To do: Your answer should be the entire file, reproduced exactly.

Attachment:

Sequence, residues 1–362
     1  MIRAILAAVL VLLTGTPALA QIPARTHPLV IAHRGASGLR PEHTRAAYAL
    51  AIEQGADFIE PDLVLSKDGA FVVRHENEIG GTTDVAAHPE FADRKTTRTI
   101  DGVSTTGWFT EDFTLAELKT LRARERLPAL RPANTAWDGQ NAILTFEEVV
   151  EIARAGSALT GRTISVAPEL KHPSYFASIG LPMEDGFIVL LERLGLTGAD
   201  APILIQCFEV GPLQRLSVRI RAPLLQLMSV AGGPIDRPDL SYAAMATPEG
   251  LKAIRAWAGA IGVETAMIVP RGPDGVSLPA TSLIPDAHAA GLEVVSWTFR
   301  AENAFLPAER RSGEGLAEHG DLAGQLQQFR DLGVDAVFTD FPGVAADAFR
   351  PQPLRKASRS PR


Sequence, residues 1–362
     1  MIRAILAAVL VLLTGTPALA QIPARTHPLV IAHRGASGLR PEHTRAAYAL
    51  AIEQGADFIE PDLVLSKDGA FVVRHENEIG GTTDVAAHPE FADRKTTRTI
   101  DGVSTTGWFT EDFTLAELKT LRARERLPAL RPANTAWDGQ NAILTFEEVV
   151  EIARAGSALT GRTISVAPEL KHPSYFASIG LPMEDGFIVL LERLGLTGAD
   201  APILIQCFEV GPLQRLSVRI RAPLLQLMSV AGGPIDRPDL SYAAMATPEG
   251  LKAIRAWAGA IGVETAMIVP RGPDGVSLPA TSLIPDAHAA GLEVVSWTFR
   301  AENAFLPAER RSGEGLAEHG DLAGQLQQFR DLGVDAVFTD FPGVAADAFR
   351  PQPLRKASRS PR